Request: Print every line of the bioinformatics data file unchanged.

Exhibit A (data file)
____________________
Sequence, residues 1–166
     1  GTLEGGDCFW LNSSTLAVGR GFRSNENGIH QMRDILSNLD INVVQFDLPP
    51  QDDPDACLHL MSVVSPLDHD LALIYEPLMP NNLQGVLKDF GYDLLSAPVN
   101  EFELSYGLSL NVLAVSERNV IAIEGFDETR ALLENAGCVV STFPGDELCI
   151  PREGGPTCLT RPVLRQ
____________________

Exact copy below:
Sequence, residues 1–166
     1  GTLEGGDCFW LNSSTLAVGR GFRSNENGIH QMRDILSNLD INVVQFDLPP
    51  QDDPDACLHL MSVVSPLDHD LALIYEPLMP NNLQGVLKDF GYDLLSAPVN
   101  EFELSYGLSL NVLAVSERNV IAIEGFDETR ALLENAGCVV STFPGDELCI
   151  PREGGPTCLT RPVLRQ